To identify, evaluate and reduce system delay times in an ST-elevation myocardial infarction (STEMI) network by targeted reorganisation of logistics and personal feedback to staff on time delays.
Multistage action research project. Three study phases were used (exploration, tailored intervention and evaluation).
Single centre study, Sweden.
Consecutive patients (N=156) with prehospital STEMI onset treated with primary percutaneous coronary intervention (PCI).
Areas of delays were identified through participant observations and collaborative discussions. To increase the awareness of delay factors, continuous feedback on time delays was given. Elements of the logistics’ reorganisation were (1) prioritised ECG recording by emergency medical services personnel, (2) central evaluation of ECG in all patients and (3) start of PCI procedure when two of three PCI team members were on site. Multiple key time measurements were made before (N=67) and after (N=89) the intervention.
Time difference (minutes) in system delay between the preintervention and postintervention phases.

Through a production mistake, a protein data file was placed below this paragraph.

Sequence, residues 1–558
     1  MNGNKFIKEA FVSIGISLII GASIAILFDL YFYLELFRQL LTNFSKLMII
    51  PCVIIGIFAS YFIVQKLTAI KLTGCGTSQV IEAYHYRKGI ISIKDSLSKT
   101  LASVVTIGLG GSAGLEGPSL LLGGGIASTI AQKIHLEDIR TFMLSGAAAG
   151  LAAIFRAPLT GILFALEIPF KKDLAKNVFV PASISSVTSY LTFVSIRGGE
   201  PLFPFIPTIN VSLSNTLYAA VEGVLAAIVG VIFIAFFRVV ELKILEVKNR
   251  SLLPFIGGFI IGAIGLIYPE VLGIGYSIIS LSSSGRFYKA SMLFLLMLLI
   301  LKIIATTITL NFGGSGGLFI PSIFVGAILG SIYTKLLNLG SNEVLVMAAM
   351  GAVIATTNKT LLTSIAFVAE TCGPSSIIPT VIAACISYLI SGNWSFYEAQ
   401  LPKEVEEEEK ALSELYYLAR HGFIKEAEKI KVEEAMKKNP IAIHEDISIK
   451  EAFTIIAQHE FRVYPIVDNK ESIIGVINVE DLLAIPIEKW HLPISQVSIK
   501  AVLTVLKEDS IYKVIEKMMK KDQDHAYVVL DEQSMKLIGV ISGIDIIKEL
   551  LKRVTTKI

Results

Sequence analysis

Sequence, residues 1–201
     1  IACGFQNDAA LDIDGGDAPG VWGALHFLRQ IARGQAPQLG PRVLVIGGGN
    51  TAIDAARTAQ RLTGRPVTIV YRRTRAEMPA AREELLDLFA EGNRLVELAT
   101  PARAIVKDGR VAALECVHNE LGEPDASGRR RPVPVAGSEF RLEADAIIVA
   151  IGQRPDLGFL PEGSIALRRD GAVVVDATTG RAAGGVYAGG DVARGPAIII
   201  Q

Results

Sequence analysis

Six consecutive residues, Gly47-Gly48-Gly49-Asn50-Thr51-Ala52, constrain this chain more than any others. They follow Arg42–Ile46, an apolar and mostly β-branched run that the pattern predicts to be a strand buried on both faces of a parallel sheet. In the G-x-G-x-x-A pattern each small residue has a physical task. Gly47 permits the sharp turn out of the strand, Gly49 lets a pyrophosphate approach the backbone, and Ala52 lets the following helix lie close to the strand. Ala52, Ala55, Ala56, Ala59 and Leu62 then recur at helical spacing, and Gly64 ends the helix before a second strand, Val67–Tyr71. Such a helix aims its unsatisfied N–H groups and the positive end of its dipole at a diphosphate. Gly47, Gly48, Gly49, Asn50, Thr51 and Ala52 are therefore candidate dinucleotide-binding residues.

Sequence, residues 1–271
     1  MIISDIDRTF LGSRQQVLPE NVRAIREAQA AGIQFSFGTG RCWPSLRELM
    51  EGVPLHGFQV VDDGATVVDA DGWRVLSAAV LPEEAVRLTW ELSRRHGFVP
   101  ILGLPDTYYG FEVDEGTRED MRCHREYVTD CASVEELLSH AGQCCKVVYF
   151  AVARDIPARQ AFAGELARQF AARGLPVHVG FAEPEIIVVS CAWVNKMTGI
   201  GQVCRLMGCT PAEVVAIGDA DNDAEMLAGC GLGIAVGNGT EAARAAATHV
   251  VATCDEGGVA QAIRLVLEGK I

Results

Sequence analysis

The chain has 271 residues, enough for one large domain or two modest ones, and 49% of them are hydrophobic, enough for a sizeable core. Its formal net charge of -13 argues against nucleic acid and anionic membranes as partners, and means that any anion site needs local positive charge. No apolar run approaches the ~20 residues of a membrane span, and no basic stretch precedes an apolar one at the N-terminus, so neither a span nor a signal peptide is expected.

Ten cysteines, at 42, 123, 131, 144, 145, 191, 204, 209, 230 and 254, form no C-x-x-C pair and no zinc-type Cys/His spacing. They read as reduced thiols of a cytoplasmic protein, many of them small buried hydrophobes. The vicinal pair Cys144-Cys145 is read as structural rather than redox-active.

Time from first medical contact (FMC) to a patent artery and time from FMC-to-catheter laboratory (cath-lab) arrival decreased by 6 and 12 min, respectively (ns). Time from FMC-to-ECG recording remained unchanged after the intervention. Time from ECG to decision for primary PCI was reduced by 6 min, p=0.004 and time from ECG-to-cath-lab arrival by 11 min, p=0.02. Total time from diagnosis to a patent artery decreased by 11 min (ns).
Identification of time delays in an STEMI network with awareness of delay factors, reorganisation of logistics and continuous feedback can reduce system delay times significantly.
BMJ Publishing Group , 2013. Vol. 3, no 3493